Susan T. Hessel makes no attempt to hide her enthusiasm for Obamacare and socialism in her column in the Sept. 25 Tribune. She says our health care system should be single-payer, operated and controlled by the federal government.
The former Soviet Union is a prime example that large government-run programs rarely work. During a two-week visit there — before communism imploded — I witnessed the object poverty that its citizens endured. One of the things that amazed me was that I saw no houses in Moscow; everyone lived in apartments. Make no mistake about it, socialism is often the precursor to an alliance with communism.
Under Obamacare, so-called navigators receive 20 hours of training in order to help people understand the insurance plans available. These people will prove beyond a doubt that a little knowledge can be a dangerous thing. As a 40-year insurance agent, I could not in good conscience enroll anyone in Obamacare.
Hessel seems to have a deep animus toward insurance companies, although I suppose that’s understandable considering her infatuation with socialism. She complains about the difficulty in getting claims paid, but in my 40 years of experience, I’ve never seen a legitimate claim denied. Also, each state has an office that will investigate complaints, and the commissioners almost always side with policyholders.
What I have seen is people expecting too much. As is the case with most things, you get what you pay for when you buy insurance. Too often, people buy the cheapest coverage while expecting complete coverage. Reasonable people know that it can’t work that way.
Keeping sons and daughters on their parents’ insurance policies until age 26 is ludicrous. Everybody has to grow up sometime, and adults should be responsible for their own insurance long before age 26. This provision will cause premiums to increase substantially.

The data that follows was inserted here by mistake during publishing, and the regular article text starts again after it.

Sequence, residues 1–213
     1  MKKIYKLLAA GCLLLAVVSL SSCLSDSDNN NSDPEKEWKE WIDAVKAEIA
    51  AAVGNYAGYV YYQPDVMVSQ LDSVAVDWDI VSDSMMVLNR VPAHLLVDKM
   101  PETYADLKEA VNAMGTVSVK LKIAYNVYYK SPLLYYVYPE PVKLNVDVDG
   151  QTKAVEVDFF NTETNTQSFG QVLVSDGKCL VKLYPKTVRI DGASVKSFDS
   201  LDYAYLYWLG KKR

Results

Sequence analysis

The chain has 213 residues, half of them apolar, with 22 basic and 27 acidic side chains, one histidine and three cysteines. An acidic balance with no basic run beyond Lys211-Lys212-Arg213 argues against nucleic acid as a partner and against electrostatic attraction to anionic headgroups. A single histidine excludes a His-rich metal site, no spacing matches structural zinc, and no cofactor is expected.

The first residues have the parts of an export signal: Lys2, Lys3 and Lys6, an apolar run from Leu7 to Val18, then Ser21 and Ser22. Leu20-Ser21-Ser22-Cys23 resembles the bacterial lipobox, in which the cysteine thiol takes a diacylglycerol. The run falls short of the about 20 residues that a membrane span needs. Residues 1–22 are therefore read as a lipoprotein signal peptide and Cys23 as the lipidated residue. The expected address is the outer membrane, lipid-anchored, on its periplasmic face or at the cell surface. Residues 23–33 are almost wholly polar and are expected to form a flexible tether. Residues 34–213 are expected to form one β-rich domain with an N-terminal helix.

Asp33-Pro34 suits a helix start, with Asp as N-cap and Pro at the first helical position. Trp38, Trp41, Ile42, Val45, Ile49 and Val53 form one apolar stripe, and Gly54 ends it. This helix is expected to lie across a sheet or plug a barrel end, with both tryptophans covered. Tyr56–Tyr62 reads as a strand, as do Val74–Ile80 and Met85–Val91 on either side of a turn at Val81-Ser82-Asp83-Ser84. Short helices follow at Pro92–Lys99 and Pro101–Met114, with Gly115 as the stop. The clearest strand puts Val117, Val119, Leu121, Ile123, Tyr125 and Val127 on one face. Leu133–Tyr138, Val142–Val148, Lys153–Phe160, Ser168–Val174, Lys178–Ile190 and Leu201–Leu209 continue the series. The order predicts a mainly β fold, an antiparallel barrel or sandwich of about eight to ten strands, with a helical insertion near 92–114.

Obamacare, officially called the Affordable Care Act, is hardly affordable. The taxes of middle-class families will help subsidize insurance for a family of four that earns up to $94,000 per year.
Hessel pooh-poohs “death panels,” but she does not explain what the function of the Payment Advisory Board will be if not to decide who gets treatment. Also under Obamacare, doctors will be paid more if they order fewer tests, and doctors who prescribe costly treatments will see lower reimbursements.
Forcing insurance companies to insure people with pre-existing conditions is also nonsensical. It sounds kind and compassionate, but in most cases it rewards people who were irresponsible by not buying insurance before they needed it. What’s next? Will the government force insurance companies to insure houses already on fire or cars already wrecked? It’s basically the same thing.
Is there any reason to believe that irresponsible people will be any different under Obamacare? They are allowed to opt out, pay a small penalty, and when they get sick they still can enroll. What do you suppose that will do to premiums?
Currently, those who are ineligible for health insurance in Wisconsin can enroll in the Health Insurance Risk Sharing Plan, with generous subsidies for those with low incomes. The absurd provisions in Obamacare will cause premiums to skyrocket.
Insurance companies will be blamed when rates spike, especially by people who have not been paying attention. These same people will likely demand that the government “do something.”
If we have the same ultra-liberal leadership we have now, the government will be eager to take over. Then Hessel’s dream of utopian socialism — and my fear of the downfall of out great country — will be several steps closer.
If I may be permitted one more cliche — “When something seems to good to be true, it usually is.